A recent New York State Supreme Court decision raises the bar for certifying an “opt out” class of unpaid interns seeking minimum or other wages, and provides valuable guidance for employers facing challenges to their unpaid internship programs. Rodriguez v. 5W Public Relations, Index No. 156571/14 (July 26, 2016). In Rodriguez, Justice Cynthia Kern denied class certification to named plaintiff Kristina Rodriguez and a putative class of individuals who interned with a New York City public relations firm. Rodriguez alleged that, since 2008, she and others were misclassified as unpaid interns when they were actually employees entitled to minimum wage pursuant to the New York Labor Law (“NYLL”) §§ 663 and 198.

In the denying the former intern’s motion for class certification pursuant to CPLR § 901(a)(2), Judge Kern stated that the plaintiff failed to establish that “questions of law and fact common to the class predominate over questions affecting only individual members.” The Court held that for each allegedly misclassified intern to prove a claim would require “individualized proof as opposed to generalized proof” revolving around the employer’s uniform policies.

Justice Kern adopted the employer’s argument that differentiating between interns and their respective experiences would require examination of individualized evidence such as each intern’s specific department, the intern’s supervisor and his or her conduct, whether the intern received academic credit, and the amount of credit received. In so holding, Justice Kern also addressed the legal standard applicable to determining whether an individual is considered an intern or an employee under the New York Labor Law in the wake of the Second Circuit’s 2015 decision in Glatt v. Fox Searchlight Pictures, Inc., 811 F.3d 528 (2d Cir. 2015) (adopting a “primary beneficiary” test for determining intern status under the FLSA, and rejecting the U.S. Department of Labor’s six-factor test). Significantly, Justice Kern opined that, while the question of which test to adopt was not before the Court on the certification motion in Rodriguez, New York state courts will apply a balancing test “similar to the [primary beneficiary] test adopted by the Second Circuit in Glatt,” and she expressly rejected the Department of Labor’s “six-factor test which focuses solely on whether the employer receives an immediate advantage from the interns’ work.” The Court specifically identified factors from Glatt that New York courts likely would consider when determining an internship’s “primary beneficiary”: whether an intern expected compensation, received academic credit, the skills learned by the intern, and the extent to which those skills were tailored to the intern’s academic course of study.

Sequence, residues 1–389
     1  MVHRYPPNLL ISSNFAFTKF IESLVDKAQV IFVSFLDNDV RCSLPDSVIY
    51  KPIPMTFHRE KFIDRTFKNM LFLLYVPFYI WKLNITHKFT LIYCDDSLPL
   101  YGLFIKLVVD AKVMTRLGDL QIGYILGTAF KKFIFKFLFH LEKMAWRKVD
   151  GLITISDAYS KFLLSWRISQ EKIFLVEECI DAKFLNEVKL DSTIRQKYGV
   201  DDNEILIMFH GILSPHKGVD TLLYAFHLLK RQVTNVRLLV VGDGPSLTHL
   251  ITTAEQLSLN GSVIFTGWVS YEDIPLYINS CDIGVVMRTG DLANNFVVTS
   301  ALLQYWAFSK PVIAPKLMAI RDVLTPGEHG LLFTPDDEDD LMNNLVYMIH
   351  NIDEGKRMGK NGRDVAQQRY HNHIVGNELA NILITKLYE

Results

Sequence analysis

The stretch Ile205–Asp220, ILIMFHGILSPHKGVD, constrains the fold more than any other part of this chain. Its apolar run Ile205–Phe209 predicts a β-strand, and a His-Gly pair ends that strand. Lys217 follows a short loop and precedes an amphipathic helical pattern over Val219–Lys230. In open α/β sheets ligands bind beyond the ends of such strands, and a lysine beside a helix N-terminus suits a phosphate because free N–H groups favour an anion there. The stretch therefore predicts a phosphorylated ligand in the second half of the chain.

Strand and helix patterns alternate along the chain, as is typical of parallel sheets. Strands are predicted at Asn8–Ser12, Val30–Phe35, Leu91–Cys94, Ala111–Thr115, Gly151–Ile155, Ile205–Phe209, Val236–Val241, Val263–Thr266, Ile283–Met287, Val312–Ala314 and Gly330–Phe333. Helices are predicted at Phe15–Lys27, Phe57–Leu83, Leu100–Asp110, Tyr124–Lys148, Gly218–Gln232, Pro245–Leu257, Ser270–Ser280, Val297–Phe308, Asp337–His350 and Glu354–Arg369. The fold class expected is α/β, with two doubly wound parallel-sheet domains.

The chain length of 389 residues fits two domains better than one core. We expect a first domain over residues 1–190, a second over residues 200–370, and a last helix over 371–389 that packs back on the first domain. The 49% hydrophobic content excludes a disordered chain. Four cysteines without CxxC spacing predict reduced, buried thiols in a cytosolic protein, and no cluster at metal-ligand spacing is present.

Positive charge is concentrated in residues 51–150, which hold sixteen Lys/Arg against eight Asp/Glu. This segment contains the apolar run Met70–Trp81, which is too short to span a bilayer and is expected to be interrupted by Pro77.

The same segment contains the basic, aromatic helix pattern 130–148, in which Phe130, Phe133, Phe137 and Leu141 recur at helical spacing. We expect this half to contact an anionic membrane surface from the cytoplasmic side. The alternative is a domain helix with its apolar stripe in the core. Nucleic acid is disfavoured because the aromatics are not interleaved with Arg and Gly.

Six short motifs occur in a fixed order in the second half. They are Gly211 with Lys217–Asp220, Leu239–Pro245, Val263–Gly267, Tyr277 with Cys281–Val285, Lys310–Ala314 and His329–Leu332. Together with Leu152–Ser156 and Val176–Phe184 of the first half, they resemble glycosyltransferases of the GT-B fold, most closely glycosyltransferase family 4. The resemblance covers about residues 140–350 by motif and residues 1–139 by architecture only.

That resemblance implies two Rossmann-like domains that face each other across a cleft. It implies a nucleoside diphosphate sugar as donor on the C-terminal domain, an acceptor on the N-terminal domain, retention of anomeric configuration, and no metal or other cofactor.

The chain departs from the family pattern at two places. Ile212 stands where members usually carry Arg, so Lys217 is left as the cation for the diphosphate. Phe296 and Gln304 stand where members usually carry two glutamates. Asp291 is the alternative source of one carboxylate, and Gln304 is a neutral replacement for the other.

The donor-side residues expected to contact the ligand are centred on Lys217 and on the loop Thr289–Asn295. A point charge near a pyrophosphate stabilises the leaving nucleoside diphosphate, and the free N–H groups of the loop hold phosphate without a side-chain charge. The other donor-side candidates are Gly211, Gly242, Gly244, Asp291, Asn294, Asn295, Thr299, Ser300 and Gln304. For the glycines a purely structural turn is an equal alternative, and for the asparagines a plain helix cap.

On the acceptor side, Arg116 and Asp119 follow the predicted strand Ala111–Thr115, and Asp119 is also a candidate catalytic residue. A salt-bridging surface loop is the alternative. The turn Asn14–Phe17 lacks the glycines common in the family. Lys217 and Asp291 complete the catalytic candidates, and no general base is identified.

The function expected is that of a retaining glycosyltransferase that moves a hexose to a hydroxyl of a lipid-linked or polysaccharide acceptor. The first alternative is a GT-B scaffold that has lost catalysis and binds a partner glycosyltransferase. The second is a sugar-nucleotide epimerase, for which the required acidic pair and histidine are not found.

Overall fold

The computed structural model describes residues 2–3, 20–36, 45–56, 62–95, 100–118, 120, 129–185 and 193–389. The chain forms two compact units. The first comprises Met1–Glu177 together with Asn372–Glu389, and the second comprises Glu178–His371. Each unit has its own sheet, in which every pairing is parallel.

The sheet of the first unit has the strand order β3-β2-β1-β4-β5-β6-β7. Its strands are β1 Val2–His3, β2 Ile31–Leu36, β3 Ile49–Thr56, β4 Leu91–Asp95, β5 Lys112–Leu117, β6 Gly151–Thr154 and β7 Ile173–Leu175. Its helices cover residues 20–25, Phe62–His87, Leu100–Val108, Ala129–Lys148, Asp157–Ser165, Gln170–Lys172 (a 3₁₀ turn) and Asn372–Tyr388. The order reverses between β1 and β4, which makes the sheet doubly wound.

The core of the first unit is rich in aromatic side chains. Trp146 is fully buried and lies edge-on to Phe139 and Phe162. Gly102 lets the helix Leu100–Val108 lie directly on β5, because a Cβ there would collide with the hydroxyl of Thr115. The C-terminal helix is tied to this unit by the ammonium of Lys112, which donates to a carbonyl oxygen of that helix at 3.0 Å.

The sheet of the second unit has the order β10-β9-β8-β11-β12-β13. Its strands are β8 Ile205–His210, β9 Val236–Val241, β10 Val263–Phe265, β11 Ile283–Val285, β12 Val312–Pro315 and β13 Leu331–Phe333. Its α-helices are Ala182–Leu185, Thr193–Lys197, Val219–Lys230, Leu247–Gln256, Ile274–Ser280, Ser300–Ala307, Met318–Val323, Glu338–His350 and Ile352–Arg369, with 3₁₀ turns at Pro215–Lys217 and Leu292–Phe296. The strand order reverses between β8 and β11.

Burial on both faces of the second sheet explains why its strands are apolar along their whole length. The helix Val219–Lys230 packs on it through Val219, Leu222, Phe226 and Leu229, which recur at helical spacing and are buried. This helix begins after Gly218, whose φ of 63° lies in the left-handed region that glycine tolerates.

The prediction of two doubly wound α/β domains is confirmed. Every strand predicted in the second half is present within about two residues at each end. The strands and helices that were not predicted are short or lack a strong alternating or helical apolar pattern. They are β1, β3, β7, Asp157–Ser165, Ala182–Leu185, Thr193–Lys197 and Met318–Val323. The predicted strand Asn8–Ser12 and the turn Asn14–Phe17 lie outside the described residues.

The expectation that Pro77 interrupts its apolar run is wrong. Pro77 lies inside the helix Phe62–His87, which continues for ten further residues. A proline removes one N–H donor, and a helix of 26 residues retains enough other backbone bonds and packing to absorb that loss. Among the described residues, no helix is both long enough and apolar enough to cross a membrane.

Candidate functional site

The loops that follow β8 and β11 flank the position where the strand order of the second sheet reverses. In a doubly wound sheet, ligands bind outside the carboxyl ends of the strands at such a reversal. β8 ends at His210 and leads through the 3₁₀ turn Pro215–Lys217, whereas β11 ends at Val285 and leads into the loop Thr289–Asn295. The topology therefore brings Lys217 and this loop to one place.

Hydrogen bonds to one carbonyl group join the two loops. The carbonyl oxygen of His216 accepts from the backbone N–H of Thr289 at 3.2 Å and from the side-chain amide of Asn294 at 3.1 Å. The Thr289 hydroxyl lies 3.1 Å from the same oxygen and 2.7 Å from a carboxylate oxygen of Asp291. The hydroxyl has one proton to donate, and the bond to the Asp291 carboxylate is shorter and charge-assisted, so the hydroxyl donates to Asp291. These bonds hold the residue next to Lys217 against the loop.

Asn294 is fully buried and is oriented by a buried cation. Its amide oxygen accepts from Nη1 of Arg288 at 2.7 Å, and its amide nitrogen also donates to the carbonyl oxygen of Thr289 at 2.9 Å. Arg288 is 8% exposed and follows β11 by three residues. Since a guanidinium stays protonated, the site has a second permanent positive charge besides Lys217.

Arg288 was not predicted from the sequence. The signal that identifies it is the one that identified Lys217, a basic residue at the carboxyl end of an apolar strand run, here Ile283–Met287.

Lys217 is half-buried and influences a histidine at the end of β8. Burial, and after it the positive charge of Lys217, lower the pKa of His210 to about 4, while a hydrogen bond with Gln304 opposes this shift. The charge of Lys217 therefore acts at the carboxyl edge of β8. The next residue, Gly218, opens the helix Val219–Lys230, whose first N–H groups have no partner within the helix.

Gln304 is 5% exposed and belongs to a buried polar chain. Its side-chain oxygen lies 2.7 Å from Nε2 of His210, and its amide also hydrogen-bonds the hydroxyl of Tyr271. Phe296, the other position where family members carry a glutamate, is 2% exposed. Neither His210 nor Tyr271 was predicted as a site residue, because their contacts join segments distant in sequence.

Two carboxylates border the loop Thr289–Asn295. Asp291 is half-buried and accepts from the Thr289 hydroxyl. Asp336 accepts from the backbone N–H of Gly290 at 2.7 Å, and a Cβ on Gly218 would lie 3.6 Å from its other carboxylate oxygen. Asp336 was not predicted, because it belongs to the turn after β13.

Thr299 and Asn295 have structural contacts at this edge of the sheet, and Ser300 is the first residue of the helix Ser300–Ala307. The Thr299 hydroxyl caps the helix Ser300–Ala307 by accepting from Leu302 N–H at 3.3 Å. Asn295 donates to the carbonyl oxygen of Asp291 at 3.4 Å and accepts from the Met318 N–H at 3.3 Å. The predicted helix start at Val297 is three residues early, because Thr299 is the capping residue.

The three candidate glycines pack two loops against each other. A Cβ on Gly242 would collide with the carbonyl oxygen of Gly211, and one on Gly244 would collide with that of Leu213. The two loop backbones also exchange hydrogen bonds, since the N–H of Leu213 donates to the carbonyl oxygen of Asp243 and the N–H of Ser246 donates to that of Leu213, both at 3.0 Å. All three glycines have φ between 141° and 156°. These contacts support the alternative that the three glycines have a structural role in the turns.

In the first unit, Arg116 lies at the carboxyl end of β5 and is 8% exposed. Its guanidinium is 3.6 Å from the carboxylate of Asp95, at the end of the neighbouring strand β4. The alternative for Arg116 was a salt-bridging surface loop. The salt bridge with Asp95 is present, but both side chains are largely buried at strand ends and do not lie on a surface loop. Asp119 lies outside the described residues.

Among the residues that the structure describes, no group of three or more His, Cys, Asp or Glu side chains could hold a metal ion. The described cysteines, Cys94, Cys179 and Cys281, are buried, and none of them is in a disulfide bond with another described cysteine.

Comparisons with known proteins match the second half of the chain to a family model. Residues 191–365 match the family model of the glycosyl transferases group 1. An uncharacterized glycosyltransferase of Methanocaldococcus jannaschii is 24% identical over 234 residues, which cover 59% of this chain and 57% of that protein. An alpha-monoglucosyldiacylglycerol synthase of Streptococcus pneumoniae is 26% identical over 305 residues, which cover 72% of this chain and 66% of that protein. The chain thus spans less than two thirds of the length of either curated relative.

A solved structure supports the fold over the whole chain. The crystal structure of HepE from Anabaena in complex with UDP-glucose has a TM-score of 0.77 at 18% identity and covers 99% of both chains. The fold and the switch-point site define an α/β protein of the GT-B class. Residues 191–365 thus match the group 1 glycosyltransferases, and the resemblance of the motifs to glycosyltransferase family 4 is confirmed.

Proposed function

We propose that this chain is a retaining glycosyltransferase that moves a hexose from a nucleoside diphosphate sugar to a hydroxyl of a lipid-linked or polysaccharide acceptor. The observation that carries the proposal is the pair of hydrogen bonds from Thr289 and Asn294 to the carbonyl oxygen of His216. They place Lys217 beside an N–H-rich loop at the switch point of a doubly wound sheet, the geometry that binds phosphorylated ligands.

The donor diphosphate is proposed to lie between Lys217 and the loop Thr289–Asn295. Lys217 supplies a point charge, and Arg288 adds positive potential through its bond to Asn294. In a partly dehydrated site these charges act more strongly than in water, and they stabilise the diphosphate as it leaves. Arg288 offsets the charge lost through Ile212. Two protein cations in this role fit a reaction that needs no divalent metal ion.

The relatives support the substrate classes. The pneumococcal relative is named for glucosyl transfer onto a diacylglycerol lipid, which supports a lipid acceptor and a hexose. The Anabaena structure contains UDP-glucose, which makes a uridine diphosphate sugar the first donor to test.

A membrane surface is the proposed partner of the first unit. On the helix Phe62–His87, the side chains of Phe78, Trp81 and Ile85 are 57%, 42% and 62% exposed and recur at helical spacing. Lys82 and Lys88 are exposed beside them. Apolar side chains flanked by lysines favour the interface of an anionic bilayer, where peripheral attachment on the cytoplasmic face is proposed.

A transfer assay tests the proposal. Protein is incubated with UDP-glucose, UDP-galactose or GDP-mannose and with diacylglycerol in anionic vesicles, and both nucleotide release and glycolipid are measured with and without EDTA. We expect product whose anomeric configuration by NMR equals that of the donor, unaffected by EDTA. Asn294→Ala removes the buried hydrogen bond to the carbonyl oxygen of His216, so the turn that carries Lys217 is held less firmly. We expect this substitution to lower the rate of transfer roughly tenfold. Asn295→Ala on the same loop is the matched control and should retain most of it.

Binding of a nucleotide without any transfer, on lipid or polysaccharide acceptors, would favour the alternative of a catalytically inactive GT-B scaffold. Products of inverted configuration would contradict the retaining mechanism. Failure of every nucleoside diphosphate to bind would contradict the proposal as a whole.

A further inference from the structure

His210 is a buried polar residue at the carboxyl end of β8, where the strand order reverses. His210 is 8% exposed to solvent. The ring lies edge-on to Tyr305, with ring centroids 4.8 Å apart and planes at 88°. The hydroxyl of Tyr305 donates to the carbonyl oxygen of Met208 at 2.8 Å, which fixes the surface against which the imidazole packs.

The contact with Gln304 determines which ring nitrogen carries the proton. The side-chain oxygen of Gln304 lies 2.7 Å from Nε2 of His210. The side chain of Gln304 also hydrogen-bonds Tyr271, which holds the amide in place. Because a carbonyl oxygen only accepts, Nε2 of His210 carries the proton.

Rodriguez is a welcome decision to employers defending intern claims or seeking guidance regarding the factors impacting intern classification under the New York Labor Law. However, an appeal is likely, and employers must continue to monitor litigation developments and agency guidance in crafting internship policies.